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Canon’s Answer to the Nikon D5—The Canon EOS 1DX Mark II

EOS-1D X Mark II with EF 35mm USM FRT
EOS-1D X Mark II with EF 35mm f/1.4 L II USM

Canon has announced the answer to Nikon’s recently released flagship, the Nikon D5, with their own flagship, the EOS 1DX Mark II. This is a 20.2MP DSLR with an ISO range of 100 to 51,200, expandable to 409,600. The new AF system consists of 61 AF points, 41 of which are cross-type sensors, and has an overall 24% larger frame coverage than the previous model. The centre AF point is sensitive to -3EV and is compatible with lenses with a maximum aperture of up to f/8, ideal for users of teleconverters.

The EOS 1D X Mark II can shoot at 14fps with AF and up to 16fps with the the mirror locked up in conjunction with a locked focus and exposure. The buffer is good for a whopping 170 RAW images in a single burst, and an unlimited number of JPEG images if you are using a CFast card. There is also a slot for standard CompactFlash cards. PC connectivity is via the camera’s USB 3.0 or Ethernet ports, while WiFi requires the use of a US$600 WFT-E8 wireless  file transmitter.

Being a professional camera body, the 1D X Mark II is built from magnesium alloy and fully weather-sealed. The shutter is rated at 400,000 cycles, which will last you 8 consecutive days of shooting continuously at 14fps. At the back of the body is a 3.2″ Clear View III LCD with 1.62M dots. It’s touch-enabled for AF point selection in Live View, There is also a built-in GPS which sits in a hump on the top of the viewfinder.

On the video side of things, the 1D X Mark II can shoot 4K video at 60fps, just like the Nikon D5. Canon says there are “virtually no restrictions” when it comes to video recording, and exFAT support allows videos larger than 4GB to be recorded without having to merge files.

The most interesting feature of the 1D X Mark II is the built-in image optimisation. The new Digital Lens Optimiser technology stores information about the optical flaws of lenses and then fixes them digitally without impacting the camera’s performance. This is probably similar to what some mirrorless cameras are doing to fix various lens aberrations in-camera.

The Canon EOS 1D X Mark II will be available in April for US$5,999 for the body alone, or US$6,299 when bundled with a 64GB CFast card and a card reader.

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Canon Announces a Trio of Cameras—The PowerShot G9 X, PowerShot G5 X and EOS M10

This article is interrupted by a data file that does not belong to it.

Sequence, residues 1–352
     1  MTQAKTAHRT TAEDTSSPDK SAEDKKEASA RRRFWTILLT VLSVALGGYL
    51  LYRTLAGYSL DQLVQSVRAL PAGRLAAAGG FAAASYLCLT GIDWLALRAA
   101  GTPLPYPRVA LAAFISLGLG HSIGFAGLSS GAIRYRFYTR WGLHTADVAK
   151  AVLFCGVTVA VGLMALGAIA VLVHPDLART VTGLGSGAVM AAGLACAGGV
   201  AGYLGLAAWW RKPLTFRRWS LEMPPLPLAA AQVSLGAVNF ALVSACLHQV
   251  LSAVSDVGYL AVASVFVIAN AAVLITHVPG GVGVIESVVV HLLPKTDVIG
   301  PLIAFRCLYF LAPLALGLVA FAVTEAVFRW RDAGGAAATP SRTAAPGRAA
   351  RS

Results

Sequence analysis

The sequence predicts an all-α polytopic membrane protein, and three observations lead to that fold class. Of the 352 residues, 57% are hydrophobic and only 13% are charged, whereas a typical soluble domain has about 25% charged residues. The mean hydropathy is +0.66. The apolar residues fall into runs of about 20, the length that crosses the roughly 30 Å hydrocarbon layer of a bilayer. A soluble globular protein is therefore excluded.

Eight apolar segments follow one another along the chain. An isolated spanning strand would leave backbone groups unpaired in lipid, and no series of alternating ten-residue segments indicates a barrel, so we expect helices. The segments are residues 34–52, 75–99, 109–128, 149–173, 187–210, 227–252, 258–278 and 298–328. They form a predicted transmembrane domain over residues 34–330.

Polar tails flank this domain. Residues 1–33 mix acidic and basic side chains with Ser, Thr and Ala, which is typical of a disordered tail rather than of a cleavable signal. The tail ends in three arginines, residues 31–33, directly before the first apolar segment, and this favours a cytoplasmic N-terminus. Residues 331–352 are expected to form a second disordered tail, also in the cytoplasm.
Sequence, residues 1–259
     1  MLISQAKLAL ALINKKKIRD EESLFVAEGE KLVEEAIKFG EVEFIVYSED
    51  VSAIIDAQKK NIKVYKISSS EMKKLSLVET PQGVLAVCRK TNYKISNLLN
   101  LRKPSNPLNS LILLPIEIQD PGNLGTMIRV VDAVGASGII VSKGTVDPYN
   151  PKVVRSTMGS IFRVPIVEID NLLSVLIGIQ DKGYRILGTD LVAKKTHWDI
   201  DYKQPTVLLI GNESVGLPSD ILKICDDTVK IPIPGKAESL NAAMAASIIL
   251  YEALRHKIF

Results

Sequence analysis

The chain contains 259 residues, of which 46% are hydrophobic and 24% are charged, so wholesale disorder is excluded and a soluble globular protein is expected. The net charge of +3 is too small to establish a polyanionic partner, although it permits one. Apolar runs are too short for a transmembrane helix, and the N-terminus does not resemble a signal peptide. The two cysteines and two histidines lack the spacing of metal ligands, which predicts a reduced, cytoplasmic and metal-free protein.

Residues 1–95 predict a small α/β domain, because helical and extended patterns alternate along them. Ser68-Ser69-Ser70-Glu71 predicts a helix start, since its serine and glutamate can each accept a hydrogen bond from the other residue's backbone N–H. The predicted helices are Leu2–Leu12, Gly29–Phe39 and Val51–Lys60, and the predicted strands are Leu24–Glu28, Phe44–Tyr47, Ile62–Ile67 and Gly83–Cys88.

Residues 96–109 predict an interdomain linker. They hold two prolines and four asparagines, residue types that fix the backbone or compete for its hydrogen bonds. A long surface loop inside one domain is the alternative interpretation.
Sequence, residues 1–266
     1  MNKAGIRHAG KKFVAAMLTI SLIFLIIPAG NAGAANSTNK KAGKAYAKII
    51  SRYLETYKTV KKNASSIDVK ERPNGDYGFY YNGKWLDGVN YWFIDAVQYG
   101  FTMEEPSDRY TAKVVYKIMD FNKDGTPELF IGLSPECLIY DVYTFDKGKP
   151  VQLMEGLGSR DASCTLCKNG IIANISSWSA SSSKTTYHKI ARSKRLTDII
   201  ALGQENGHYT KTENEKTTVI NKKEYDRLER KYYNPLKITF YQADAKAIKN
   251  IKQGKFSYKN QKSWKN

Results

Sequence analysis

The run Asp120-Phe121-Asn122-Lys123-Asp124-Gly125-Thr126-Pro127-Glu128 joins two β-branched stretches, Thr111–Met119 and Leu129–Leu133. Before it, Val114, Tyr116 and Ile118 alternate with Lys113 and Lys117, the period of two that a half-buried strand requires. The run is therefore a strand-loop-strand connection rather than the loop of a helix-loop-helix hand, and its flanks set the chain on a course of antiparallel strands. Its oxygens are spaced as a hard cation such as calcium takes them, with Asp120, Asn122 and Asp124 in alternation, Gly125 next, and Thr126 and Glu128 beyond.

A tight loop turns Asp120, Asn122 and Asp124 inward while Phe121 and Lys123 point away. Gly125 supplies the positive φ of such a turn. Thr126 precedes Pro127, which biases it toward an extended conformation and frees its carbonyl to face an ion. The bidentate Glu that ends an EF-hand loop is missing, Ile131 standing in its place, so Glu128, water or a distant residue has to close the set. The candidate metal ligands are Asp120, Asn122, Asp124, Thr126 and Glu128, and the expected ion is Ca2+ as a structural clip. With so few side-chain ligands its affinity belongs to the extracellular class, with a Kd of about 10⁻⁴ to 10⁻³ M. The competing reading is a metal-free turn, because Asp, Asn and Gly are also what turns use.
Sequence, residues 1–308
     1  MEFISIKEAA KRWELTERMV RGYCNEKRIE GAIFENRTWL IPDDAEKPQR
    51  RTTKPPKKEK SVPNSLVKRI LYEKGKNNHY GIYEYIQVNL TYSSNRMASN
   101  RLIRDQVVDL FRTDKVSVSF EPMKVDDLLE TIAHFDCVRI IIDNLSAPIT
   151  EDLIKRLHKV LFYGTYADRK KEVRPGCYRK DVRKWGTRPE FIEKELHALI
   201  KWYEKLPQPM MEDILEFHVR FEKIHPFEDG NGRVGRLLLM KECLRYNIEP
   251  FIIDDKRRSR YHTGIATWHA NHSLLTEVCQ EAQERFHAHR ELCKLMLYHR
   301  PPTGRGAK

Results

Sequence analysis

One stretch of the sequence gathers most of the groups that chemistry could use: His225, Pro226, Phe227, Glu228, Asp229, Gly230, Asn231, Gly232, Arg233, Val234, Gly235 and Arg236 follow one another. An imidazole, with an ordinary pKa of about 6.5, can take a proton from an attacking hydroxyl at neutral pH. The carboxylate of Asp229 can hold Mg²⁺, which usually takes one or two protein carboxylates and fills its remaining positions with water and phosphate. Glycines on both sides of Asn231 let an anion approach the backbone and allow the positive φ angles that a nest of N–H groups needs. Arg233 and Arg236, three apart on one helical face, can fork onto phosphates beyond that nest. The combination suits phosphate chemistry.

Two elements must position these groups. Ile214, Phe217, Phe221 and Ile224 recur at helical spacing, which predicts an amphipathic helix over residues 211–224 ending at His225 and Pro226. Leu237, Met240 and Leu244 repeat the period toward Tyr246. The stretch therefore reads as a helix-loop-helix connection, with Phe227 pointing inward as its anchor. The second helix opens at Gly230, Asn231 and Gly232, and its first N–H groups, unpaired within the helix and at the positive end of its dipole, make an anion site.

Canon PowerShot G5 X
Canon PowerShot G5 X

Canon today has announced three new cameras—The PowerShot G9 X, PowerShot G5 X and the EOS M10. The PowerShot G9 X and G5 X are high-end, enthusiast compacts which features 1″ CMOS sensors with a resolution of 20 megapixels. Both uses Canon’s DIGIC 6 image processors, and supports RAW shooting, 1080/60p video recording, pop-up flash, a ND filter and WiFi/NFC.

The G5 X has a 24-100mm equivalent lens with an aperture range of f/1.8-2.8—the same as the G7 X—but adds a 2.36M dot EVF. It also has a fully-articulated 3″ 1.04M touch-screen LCD.

Canon PowerShot G9 X
Canon PowerShot G9 X

Confusingly, the G9 X isn’t higher end than the G5 X or G7 X, but instead sits below the G7 X in the G-series line-up. It features a slim body reminiscent of the PowerShot S series of compact cameras, and has a 24-84mm f/2.0-4.9 zoom lens. Like the S-series, the lens is encircled by a programmable control ring, and only has a fixed 3″ LCD.

Canon EOS M10
Canon EOS M10

The EOS M10 is Canon’s forth attempt at the mirrorless segment, and it continues to disappoint. Again, as with some of Canon’s confusing product model numbers, the EOS M10 is not a replacement of the M3, but instead sits alongside it. Canon markets it to the social media generation, saying that it shoots ”sharp images that are sure to draw ‘Likes’.”

To go along with the camera, there’s a new, retractable EF-M 15-45mm f/3.5-6.3 IS STM kit lens. Like the collapsible kit lenses from the likes of Panasonic, it’s able to shorten and lock into a compact form factor to improve portability.

In line with the social media angle, the camera’s LCD is able to tilt up 180º to face the front so that you can take that awesome selfie you’ve always wanted. The EOS M10 has a 18MP APS-C CMOS sensor with an iSO range of 100-12,800 (expandable to 25,600). Like the G9 X and G5 X, image processing duties are handled by the DIGIC 6.

Unlike the EOS M3, the M10 uses a lower-end Hybrid CMOS AF II rather than the latest AF III in the M3. From what I’ve read from early hands-on reviews, the AF is understandably not stellar.

Seriously, Canon. Stop thinking that making great mirrorless cameras will cannibalise your DSLR line-up. Make us a proper mirrorless camera that is awesome. The previous few EOS M’s have been pretty lacklustre.

All three cameras will be available from November. The PowerShot G5 X and G9 X will go for US$799 and US$529 respectively, while the EOS M10 will cost US$600 with the EF-M 15-45mm kit lens, which is also available for US$300 separately.

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Woah! Canon Just Released a Camera Capable of ISO 4,000,000

Canon ME20F-SH with EF 50mm f/1.2L
Canon ME20F-SH with EF 50mm f/1.2L

Canon has released the ME20F-SH multi-purpose camera capable of an ISO rating of over 4,000,000. That’s right, a freaking 4 million! In short, it can basically let you shoot in near total-darkness.

The 35mm full-frame sensor can shoot Full HD video with subjects illuminated with nothing more than 0.005lux of light at its maximum ISO setting. This is dimmer than what you’d get on a overcast, moonless night with airglow (0.002 lux). The secret to this night vision capability is the 2.26MP CMOS sensor’s huge 19μm pixels—5.5x larger than what’s found on a high-end DSLR.

The camera accepts EF and EF-S lenses with autofocus, and has a built-in IR block and ND filters, both of which can be disabled if required. Being a professional camera, it supports Canon Log and Wide DR modes for maximising the dynamic range of your footage.

All these does not come cheap of course. You can pick up this baby in December this year for a cool US$30,000.